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Allergic reactions to COVID-19 vaccine

Zahra Nanji discusses the latest development in the roll-out of the Pfizer-BioNtech vaccine against COVID-19.

Posted on 09 December 2020

NHS England have confirmed that two NHS staff members who received the Pfizer/BioNTech vaccine on the first day of the national vaccination programme on 8 November 2020 have suffered an allergic reaction.
It is understood that both the individuals had a significant history of allergic reactions, to the extent where they need to carry an adrenaline auto injector with them. Both individuals developed symptoms of "anaphylactoid reaction" shortly after receiving the vaccine and both have recovered after the appropriate treatment. An anaphylactoid reaction tends to involve a skin rash, breathlessness and sometimes a drop in blood pressure and is not the same as anaphylaxis which can be fatal.
GP online have reported to their readers that the Medicines and Healthcare Regulatory Authority (MHRA) has issued the following advice:
  • Any person with a history of a significant allergic reaction to a vaccine, medicine or food (such as previous history of anaphylactoid reaction or those who have been advised to carry an adrenaline autoinjector) should not receive the Pfizer/BioNtech vaccine.
  • “Resuscitation facilities should be available at all times for all vaccinations. Vaccination should only be carried out in facilities where resuscitation measures are available.”
The MHRA has said it is 'seeking further information and will issue further advice following investigation' – and have highlighted that suspected adverse reactions should be reported to them via the coronavirus yellow card scheme website.
As I have previously expressed, the roll out of a vaccine brings with it the hope of a return to our pre-COVID world. However, for the vaccination programme to succeed, it requires the confidence of the public in taking the vaccine.
Amendments to the Human Medicine Regulations made in October 2020, has allowed a speedier licensing process and the extension of immunity from civil liability to companies producing the vaccine, rather than just protecting healthcare workers and manufacturers.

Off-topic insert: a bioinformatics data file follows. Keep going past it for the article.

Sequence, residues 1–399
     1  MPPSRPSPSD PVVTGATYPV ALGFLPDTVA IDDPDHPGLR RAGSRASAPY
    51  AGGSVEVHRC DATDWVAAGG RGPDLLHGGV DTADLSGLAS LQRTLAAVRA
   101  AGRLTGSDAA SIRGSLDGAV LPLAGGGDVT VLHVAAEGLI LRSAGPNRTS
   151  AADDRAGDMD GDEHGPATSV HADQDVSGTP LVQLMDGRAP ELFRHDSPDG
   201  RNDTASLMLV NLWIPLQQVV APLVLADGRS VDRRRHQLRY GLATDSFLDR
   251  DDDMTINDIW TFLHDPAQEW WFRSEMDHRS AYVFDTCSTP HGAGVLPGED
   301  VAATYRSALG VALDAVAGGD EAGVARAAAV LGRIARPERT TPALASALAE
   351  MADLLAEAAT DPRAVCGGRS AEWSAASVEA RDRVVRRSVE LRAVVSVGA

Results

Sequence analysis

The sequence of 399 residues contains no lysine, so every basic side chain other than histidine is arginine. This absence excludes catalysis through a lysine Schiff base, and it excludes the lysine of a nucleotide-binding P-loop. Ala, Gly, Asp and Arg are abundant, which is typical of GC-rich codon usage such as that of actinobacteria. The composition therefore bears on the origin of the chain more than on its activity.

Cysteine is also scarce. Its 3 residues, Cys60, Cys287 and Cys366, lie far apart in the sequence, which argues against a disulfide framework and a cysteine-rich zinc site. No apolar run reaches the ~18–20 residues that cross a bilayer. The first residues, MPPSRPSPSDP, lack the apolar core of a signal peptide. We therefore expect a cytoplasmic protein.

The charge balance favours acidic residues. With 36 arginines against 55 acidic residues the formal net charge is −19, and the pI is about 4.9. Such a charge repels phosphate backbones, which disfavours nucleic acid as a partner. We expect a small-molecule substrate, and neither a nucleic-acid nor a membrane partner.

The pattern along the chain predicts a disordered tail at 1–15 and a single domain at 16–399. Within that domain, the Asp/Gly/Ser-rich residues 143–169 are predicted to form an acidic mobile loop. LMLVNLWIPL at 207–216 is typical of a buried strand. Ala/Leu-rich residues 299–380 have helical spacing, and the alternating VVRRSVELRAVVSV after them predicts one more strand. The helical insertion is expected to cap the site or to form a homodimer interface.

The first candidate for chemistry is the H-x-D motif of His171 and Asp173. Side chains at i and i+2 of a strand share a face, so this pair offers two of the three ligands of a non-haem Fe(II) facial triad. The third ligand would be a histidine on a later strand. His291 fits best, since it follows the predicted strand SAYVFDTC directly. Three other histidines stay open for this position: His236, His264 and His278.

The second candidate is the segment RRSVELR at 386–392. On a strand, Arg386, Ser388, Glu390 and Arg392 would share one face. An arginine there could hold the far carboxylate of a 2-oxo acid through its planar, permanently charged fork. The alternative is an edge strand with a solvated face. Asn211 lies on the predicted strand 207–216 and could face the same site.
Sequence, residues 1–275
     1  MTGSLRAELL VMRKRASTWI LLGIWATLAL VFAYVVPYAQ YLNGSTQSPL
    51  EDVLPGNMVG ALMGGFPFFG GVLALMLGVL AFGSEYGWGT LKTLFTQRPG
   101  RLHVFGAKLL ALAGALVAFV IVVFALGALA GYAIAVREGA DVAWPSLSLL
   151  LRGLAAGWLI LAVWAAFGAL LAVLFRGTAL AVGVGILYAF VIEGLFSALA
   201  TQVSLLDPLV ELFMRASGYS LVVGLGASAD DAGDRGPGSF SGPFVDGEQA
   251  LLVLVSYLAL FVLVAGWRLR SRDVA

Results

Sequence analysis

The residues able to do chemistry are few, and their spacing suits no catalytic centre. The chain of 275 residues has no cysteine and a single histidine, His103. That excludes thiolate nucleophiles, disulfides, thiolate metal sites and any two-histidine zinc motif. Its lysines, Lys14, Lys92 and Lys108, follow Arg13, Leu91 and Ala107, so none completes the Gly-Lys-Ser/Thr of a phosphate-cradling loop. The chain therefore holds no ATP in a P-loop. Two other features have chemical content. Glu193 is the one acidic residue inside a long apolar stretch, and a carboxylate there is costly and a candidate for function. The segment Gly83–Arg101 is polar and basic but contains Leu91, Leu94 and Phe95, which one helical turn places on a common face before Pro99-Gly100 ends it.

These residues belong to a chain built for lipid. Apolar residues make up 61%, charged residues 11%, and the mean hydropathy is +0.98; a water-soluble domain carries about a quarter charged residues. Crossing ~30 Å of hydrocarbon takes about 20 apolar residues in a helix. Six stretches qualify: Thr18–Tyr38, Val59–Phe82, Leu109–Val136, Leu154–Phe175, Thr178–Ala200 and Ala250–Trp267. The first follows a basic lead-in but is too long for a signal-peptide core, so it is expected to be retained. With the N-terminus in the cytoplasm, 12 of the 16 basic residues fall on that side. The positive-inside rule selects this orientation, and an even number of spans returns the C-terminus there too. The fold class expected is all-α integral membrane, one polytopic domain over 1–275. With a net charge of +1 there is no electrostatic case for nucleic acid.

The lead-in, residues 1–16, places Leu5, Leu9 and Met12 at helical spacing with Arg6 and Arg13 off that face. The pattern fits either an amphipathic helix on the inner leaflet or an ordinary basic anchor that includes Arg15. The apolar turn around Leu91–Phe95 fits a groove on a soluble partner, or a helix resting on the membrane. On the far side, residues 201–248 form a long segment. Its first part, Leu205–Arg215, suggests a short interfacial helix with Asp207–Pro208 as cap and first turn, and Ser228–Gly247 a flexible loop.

Commentators, including myself have highlighted that, there could be some resistance to the uptake of the vaccine due to the potential long-term effects of the vaccine being unknown as a result of there not being longitudinal studies (research that involves subjects being followed over time with continuous or repeated monitoring of risk factors or health outcomes, or both). The two cases of anaphylactoid reaction reported are an indicator that without longitudinal studies some side effects of the vaccine are unknown.
Although the MHRA have set out guidelines as to who should and should not receive the vaccine in their guidance to practitioners, without longitudinal studies, risk groups may be unknown.  For example, the MHRA have set out that although the currently available data does not indicate any safety concerns or harm to pregnancy, there is currently insufficient evidence to recommend the use of COVID-19 vaccines during pregnancy. Given the lack of evidence, it is recommended that COVID-19 vaccine is not given in pregnancy and women should be advised not to attend for vaccination if they are, or may be pregnant, or are planning a pregnancy within three months of the first dose. 
One way to counterbalance the concerns people may have regarding receiving the vaccine when there are no longitudinal studies, is if they can be made to feel safe in the knowledge that should they be one of the vanishingly small number of people who may suffer a serious adverse reaction to the vaccine, that they will be looked after via a suitable vaccine damages compensation scheme.
The Government have confirmed that COVID-19 will be added to the current vaccine damages payment scheme (VDPS).  The VDPS is a  no-fault scheme covering people who have been severely disabled as a result of vaccination. However, the scheme has for many years been criticised for its numerous problems, including that the severe disablement threshold requires a 60 per cent disability and the maximum payment under the scheme is £120,000.  This payment is very low and not comparable to likely compensation which would be awarded in court a case of serious injury.
Given the recommendations made in the recent Cumberledge review, which among its key recommendations was the establishment of a ‘no fault’ Redress Agency that mirrors the level of awards made by the courts in equivalent circumstances; and given that the vaccine is only going to be effective if sufficient numbers of people take it; and given that we are asking the public to take the vaccine not only to protect themselves but also their communities, I consider that the government should establish such a scheme as a matter of urgency.  Such a scheme is likely to invoke confidence in people taking the vaccine, that should they find themselves seriously injured as a result of taking the vaccine, that they will not be left to deal with the consequences alone.


Zahra Nanji
Medical devices Medicines

Zahra Nanji

Zahra Nanji is an associate solicitor in the consumer law team.